Too many quotes?  A crazy idea. The more the better. Better pricing is not something to be ashamed of.  More competition in pricing is a good thing. Messaging taxes and transaction taxes harm society as they only make the markets less efficient and are the toxic response of the naïve.

HFTs have transient lives helping the rest of the market as they get destroyed by the more agile.  We should thank them for the social good they do indeed bring to markets despite their motivations.  You should seek out an HFT, thank them and make it soon as they may not be around for long. 

Hug an HFT before it's too late.  It may be the only thanks they get.

4 comments:

  1. A very simplistic way to think about things. Some truth to the argument but misses the obvious point that, if we allow a tech arms race with no supervision or speedbumps, natural pools of risk-absorbing liquidity exit the market - 'the market for lemons' effect. It is a balancing act.

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    1. Little did I know this would be read much, especially given this post preceded that half-fiction "Flash Boys" tsunami...

      I agree with you that it's a balancing act, with much complexity in the details, even if the big picture is pretty simple. Occam's razor still matters, right?

      However, I wouldn't put speedbumps in the same category as supervision.

      Symmetric speedbumps are just a bit stupid. It remains a latency race to the market, just an inefficient, clumsy one. The market data "mirage or real" effect is more pronounced and troubling with delays.

      Asymmetric speedbumps (e.g. IEX's DPEG) are about giving someone an advantage from the asymmetry (allowing the future to be seen is one POV) which must be consciously understood (resting liquidity's last-look advantage in the IEX DPEG case, very nice for HFTs).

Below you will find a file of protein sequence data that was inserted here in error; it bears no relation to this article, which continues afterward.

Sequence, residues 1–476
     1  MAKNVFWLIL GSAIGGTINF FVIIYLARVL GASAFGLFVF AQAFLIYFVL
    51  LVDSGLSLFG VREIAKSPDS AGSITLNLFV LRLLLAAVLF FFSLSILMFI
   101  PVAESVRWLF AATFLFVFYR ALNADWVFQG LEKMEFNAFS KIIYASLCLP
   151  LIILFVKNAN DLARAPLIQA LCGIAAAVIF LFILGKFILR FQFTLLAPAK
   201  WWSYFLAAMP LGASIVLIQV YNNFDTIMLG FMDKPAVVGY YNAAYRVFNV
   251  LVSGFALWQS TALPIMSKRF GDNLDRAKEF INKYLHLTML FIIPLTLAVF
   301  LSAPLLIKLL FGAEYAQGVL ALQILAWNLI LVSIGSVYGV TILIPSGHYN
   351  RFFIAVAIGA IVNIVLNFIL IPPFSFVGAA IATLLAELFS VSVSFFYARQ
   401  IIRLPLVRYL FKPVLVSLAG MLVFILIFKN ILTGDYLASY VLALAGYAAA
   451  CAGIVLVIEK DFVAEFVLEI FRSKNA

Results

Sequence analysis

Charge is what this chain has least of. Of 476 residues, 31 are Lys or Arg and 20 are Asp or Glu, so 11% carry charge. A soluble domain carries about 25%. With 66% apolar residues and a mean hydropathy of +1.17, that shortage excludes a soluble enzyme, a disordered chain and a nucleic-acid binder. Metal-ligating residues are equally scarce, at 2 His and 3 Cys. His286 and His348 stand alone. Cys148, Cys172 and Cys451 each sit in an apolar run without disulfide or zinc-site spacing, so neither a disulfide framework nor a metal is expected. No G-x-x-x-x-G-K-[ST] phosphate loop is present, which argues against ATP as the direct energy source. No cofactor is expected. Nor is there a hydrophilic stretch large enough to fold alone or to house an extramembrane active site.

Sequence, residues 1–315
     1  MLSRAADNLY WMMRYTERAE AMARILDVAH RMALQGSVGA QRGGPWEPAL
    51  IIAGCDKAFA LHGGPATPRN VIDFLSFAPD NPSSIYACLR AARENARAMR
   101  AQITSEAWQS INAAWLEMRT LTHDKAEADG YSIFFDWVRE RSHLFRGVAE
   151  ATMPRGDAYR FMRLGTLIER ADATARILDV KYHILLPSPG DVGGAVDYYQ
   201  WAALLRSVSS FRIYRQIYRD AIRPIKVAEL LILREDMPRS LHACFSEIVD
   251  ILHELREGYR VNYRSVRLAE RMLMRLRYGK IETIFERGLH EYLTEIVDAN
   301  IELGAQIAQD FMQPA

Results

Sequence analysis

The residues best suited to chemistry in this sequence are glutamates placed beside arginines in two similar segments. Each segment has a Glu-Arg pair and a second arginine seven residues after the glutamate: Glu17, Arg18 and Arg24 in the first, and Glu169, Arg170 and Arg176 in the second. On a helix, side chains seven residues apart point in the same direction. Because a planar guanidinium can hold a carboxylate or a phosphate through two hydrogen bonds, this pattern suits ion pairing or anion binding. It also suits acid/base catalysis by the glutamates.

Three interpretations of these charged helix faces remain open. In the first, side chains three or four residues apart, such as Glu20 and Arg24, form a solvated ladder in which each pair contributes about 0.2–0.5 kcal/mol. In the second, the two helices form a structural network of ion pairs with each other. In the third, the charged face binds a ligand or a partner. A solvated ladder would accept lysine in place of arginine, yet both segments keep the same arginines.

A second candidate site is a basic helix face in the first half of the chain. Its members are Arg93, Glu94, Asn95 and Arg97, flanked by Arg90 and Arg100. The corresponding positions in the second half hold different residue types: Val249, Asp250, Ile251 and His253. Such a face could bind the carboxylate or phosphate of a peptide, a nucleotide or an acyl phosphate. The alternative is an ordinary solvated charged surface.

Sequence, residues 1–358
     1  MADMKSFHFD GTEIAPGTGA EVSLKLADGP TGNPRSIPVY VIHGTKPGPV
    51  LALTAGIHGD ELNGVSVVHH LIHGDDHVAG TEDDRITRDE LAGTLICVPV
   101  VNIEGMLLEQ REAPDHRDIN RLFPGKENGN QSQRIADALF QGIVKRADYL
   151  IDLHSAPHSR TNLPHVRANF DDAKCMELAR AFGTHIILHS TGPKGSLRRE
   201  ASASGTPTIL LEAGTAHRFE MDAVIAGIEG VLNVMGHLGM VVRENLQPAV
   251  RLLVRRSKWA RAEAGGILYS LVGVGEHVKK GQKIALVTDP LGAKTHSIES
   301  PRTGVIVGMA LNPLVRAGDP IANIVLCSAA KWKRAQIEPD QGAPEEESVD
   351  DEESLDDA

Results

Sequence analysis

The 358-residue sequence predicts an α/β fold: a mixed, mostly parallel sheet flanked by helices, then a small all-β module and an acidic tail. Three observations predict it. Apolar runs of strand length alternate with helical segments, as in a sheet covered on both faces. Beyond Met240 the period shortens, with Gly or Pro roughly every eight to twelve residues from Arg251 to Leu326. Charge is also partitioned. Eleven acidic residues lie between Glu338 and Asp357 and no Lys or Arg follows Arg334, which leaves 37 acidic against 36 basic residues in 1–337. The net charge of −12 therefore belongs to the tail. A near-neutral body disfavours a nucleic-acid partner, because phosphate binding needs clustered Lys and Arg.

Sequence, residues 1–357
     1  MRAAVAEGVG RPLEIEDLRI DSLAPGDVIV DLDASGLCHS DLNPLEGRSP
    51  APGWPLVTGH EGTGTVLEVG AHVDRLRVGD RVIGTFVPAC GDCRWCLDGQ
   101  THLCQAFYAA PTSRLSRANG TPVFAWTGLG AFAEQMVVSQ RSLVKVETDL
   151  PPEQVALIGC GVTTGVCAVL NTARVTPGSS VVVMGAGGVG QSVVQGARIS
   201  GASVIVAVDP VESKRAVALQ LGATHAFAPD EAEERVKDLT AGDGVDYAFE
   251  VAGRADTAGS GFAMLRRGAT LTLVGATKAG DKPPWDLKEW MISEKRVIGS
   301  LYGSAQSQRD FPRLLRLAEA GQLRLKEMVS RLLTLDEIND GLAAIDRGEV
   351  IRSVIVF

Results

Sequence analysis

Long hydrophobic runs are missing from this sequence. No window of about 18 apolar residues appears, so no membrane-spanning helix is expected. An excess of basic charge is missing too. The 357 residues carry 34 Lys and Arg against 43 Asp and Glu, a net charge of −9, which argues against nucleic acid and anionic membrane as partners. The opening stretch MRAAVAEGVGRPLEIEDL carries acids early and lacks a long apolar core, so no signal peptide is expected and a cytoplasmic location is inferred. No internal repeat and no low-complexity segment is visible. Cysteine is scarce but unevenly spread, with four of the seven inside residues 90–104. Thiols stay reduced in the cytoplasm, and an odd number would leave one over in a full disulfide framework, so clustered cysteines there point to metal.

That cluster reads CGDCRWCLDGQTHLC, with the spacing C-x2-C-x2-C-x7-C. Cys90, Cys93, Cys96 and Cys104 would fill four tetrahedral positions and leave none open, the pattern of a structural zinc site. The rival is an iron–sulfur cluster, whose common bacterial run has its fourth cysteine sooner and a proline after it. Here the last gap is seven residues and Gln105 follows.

Much of what I'm saying here, in simple terms, is that we must not forget about the magic of the efficiency of a properly functioning market. Markets work despite the motivations of the participants.

      I'm sure many more investors would be encouraging co-located, lower latency exchanges with simple order types if they properly understood them to be the HFT death match that they are. A smart investor would play those HFTs off against themselves and reap the efficiency benefits with a smile.

      Reg NMS was a good start that is working well but could do with a few tweaks, for sure.

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  2. "As a group, market makers make less over time as a natural consequence."

    True that - except that as markets in certain asset classes become more liquid (because of market makers once again!), newer markets in related financial instruments get created. Thereby providing more newer opportunities to market makers who can move quick.

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    1. Yes, you're right. Plus the diminishing role of banks, especially in the US, in making markets creates some opportunities too. The pressure from competition will chase down all meandering paths over time. Except, perhaps, for the cult of trend following where competition adds to the animal spirits.